Favourite dessert: Blueberry, basil, buffalo yoghurt and milk dessert at nel. restaurant

This was a tough one because there were so many good desserts this year. But I think this blueberry dessert from nel. takes the cake not only because of the taste but because of the presentation. It was a stunningly beautiful dessert and the fact that it tasted as good as it looked with the sweet blueberry ice cream and creamy, tangy yoghurt only made it better!

Favourite overall meal: Sushi omakase at Sokyo

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This was an amazing meal that I wish I could eat over and over again. I think it blew me away so much that I didn’t really know how to write about it because I still haven’t written up a blog post! Let me just say though, if you are a sushi lover, you NEED to book yourself in for the sushi omakase at Sokyo – you’ll thank me for it. While the price is pretty steep (starting from $130pp), the sushi is impeccable and of the highest quality, even rivalling the sushi that I ate in Japan. If you have room at the end, say yes to dessert too!

Favourite overseas meal: Yakitori at Torimatsu, Kutchan (Japan)

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If you’re ever in Niseko and want to eat yakitori, hop on a bus to Kutchan and visit Torimatsu. It’s a tiny little yakitori place with grill master, Matsuo-san, carefully placing each skewer on the coals and grilling each one to perfection. The place does get incredibly smoky after a while, but it’s worth it for the grilled meats. especially the tsukune chicken meatballs with egg yolk, which are the best I’ve ever eaten.

Favourite random, uncategorised item (because I really liked this but couldn’t fit it into a category): Connecticut style lobster roll at Waterman’s Lobster Co.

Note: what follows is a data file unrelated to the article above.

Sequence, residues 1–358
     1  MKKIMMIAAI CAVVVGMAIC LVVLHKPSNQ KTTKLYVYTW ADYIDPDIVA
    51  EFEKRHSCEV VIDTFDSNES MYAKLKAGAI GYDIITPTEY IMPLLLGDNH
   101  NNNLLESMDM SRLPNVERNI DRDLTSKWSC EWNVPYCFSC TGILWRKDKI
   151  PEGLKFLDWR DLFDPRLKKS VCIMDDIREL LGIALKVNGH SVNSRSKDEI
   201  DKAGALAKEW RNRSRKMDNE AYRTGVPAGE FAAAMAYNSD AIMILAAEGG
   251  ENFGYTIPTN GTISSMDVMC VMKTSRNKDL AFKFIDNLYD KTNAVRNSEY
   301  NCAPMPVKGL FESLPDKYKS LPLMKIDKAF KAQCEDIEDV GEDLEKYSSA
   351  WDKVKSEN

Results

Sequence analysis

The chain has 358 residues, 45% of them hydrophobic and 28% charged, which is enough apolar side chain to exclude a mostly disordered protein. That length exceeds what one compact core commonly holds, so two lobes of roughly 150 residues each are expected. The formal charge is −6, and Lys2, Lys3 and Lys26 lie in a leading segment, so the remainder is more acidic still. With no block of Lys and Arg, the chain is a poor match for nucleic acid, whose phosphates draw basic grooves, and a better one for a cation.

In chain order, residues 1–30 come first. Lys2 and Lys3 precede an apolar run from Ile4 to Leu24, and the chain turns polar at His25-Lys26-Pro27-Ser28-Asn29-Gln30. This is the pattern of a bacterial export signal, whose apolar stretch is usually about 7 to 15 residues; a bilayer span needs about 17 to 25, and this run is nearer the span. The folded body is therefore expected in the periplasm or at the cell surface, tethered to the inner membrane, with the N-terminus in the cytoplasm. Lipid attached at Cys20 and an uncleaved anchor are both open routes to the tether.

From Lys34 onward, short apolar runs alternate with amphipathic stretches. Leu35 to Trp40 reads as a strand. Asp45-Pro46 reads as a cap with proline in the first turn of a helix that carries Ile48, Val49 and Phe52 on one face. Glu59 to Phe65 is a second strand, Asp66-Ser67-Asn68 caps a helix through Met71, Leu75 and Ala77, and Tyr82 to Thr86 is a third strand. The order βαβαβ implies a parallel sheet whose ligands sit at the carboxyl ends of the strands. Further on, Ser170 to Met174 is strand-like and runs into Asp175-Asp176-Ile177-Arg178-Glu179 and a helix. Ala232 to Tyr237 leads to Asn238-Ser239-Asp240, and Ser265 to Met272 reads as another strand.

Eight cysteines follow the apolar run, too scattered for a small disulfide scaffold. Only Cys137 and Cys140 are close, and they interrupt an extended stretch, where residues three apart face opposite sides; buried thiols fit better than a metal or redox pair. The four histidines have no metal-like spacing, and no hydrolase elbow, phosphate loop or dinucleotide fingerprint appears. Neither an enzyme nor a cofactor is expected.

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Aaand finally I had to do a shout out to the lobster rolls at Waterman’s Lobster Co. Because melted butter + lobster + toasted roll + crispy fries = awesomeness.

Thanks for sticking it out and reading my posts this year. Here’s to even more delicious eats in 2016!

nel. restaurant, Sydney

I’m far from what people would call a decisive person, and these days we are so spoiled for choice that even deciding what to eat for lunch can turn into a lengthy process of elimination to figure out exactly what I want.

It was a pleasant surprise then, to walk into nel. to find that there was no choice to make. Nel serves an 8 course tasting menu for $88, and we were more than happy to leave our meal in the capable hands of chef Nelly Robinson.

Menu

We were ushered to our table in the small, underground space where the restaurant was situated. The 8 course menu for the night was already placed on the table when we sat down, and aside from asking whether there were any food allergies or intolerances, there were no more questions and we were ready to get started on the food!

Vinegar, parmesan

Our first course was a series of snacks which came out in quick succession. The first snack was a cloud-like vinegar marshmallow rolled in airy pieces of grated parmesan. It dissolved in the mouth so quickly it just left an impression of sour vinegar and cheesy parmesan on the tongue.

Goma hollandaise, ham